Positive Technologies has released its latest report, Vulnerabilities and Threats in Mobile Banking. Experts analyzed mobile banking applications and found half of mobile banks are vulnerable to fraud and theft of funds, with the server side accounting for more than half of all detected vulnerabilities.
None of the tested mobile banking applications had an acceptable level of security, with both client and server sides at risk. Client sides are especially vulnerable to unauthorized access to user data, as 43 percent of applications store important data on the phone in cleartext. The vast majority (76 percent) of mobile banking vulnerabilities can be exploited without physical access to the device. And more than a third of vulnerabilities can be exploited without administrator rights.
No flaws in iOS banking apps were worse than "medium" in severity. By comparison, 29 percent of Android apps contain high-risk vulnerabilities. The most dangerous vulnerabilities were found in Android applications and involve insecure deeplink handling. Developers on Android have more freedom of implementation, which explains the larger number of vulnerabilities in Android applications compared to iOS.
The server sides of mobile banking applications contain 54 percent of all vulnerabilities found and, on average, each mobile bank has 23 server side vulnerabilities. Almost half (43%) of banking applications contain server-side vulnerabilities in business logic, which attackers can exploit to obtain sensitive user information and commit fraud. Business logic errors may cause significant losses to banks and even lead to legal complications.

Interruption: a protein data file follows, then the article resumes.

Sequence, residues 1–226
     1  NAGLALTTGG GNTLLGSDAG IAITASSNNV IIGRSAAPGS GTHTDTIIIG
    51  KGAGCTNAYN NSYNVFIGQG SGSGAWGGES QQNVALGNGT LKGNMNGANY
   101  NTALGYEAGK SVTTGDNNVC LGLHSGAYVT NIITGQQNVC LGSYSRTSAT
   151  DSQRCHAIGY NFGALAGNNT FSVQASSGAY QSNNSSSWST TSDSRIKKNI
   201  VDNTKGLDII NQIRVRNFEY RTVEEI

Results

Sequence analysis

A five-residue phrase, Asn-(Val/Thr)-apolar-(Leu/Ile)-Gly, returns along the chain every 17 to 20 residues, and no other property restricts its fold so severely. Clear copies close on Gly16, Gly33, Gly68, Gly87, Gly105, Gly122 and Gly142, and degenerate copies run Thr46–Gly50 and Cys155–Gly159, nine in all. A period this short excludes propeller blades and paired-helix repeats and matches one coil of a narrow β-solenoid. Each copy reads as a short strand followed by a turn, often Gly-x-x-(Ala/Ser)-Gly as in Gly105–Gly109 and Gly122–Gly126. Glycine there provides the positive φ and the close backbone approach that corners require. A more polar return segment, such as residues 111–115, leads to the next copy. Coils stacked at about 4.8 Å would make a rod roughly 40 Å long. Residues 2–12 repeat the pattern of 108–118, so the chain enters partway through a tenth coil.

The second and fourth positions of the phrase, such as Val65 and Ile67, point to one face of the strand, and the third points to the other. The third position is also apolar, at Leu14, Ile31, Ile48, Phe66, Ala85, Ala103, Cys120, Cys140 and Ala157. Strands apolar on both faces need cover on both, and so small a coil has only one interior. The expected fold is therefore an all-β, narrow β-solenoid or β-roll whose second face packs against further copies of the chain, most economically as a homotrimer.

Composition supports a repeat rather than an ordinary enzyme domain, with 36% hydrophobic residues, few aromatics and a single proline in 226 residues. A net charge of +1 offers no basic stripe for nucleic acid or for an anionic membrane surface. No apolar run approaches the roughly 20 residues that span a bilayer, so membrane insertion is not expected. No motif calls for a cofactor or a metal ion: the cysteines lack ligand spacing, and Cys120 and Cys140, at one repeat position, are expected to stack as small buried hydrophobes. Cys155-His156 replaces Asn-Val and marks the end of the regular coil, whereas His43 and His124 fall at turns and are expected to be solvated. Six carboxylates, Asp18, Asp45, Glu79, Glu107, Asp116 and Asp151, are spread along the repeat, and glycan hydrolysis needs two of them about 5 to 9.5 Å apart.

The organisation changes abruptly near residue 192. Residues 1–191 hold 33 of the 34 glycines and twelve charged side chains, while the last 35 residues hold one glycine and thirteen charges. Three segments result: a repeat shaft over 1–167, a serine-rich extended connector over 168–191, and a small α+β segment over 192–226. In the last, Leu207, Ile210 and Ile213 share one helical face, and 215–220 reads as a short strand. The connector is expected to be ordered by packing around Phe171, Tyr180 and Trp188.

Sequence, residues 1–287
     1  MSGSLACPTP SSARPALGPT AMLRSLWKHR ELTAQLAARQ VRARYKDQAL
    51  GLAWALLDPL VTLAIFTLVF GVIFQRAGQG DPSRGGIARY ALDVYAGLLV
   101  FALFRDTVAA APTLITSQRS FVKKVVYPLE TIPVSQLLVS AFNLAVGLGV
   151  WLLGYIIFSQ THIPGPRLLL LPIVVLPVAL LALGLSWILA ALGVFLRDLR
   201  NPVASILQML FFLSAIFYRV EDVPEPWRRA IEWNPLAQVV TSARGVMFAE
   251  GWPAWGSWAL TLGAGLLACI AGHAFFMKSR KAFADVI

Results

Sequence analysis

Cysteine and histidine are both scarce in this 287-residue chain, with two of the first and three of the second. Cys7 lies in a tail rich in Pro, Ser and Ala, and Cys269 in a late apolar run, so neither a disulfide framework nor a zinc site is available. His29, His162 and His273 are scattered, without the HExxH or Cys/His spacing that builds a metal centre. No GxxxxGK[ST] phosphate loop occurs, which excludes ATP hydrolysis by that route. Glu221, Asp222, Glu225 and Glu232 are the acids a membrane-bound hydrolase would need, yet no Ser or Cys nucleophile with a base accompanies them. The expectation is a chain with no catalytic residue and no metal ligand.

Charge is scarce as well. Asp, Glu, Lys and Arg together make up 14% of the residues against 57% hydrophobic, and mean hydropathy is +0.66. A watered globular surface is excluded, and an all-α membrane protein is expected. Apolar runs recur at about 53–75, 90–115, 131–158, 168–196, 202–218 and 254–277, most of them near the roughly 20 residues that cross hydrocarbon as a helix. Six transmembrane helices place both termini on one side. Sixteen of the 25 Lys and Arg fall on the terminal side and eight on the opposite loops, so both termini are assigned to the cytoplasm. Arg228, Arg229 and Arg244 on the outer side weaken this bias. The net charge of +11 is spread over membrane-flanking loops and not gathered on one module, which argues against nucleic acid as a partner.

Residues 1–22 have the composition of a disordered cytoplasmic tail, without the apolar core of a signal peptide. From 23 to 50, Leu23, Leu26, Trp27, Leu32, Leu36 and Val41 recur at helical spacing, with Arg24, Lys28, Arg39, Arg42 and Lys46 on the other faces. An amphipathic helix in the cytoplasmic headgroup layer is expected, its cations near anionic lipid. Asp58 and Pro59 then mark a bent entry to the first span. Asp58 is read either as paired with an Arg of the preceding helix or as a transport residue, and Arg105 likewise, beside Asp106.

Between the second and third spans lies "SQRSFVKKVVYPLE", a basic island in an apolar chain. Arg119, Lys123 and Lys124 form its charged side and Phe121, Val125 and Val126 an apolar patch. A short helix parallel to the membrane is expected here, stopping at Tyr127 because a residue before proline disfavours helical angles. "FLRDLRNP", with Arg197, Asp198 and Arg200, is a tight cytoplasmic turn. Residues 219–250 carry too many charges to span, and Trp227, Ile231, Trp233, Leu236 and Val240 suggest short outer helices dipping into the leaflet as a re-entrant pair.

User credentials proved to be the most vulnerable data.
Positive Technologies analyst Olga Zinenko commented: "Banks are not protected from reverse engineering of their mobile apps. Moreover, they give short shrift to source code protection, store sensitive data on mobile devices in cleartext, and make errors allowing hackers to bypass authentication and authorization mechanisms and bruteforce user credentials. Through these vulnerabilities, hackers can obtain usernames, account balances, transfer confirmations, card limits, and the phone number associated with a victim's card.”
“We urge that banks do a better job of emphasizing application security throughout both design and development. Source code is rife with issues, making it vital to revisit development approaches by implementing SSDL practices and ensuring security at all stages of the application lifecycle.”
In 87 percent of cases, user interaction is required for a vulnerability to be exploited. Positive Technologies experts recommend that users avoid jailbreaking or rooting their devices, download applications only from official stores, avoid visiting suspicious websites or following dodgy links from SMS and chat messages, and always install the latest updates for OS and mobile applications.
You can download the full report, Vulnerabilities and Threats in Mobile Banking, here.
- The experts analyzed 14 fully featured mobile banking applications for Android and iOS. The applications had been downloaded from official app stores (Google Play and Apple's App Store) more than 500,000 times. System owners agreed to use of security assessment results for research purposes.
- The server side is a web application that interacts with the mobile client over the Internet by means of a special application programming interface (API). The client side refers to a mobile banking application installed on the user's device.
- Deep linking is a technology that allows users to navigate between applications (or sections within an application) to a specific location using special links, similar to hyperlinks in web applications.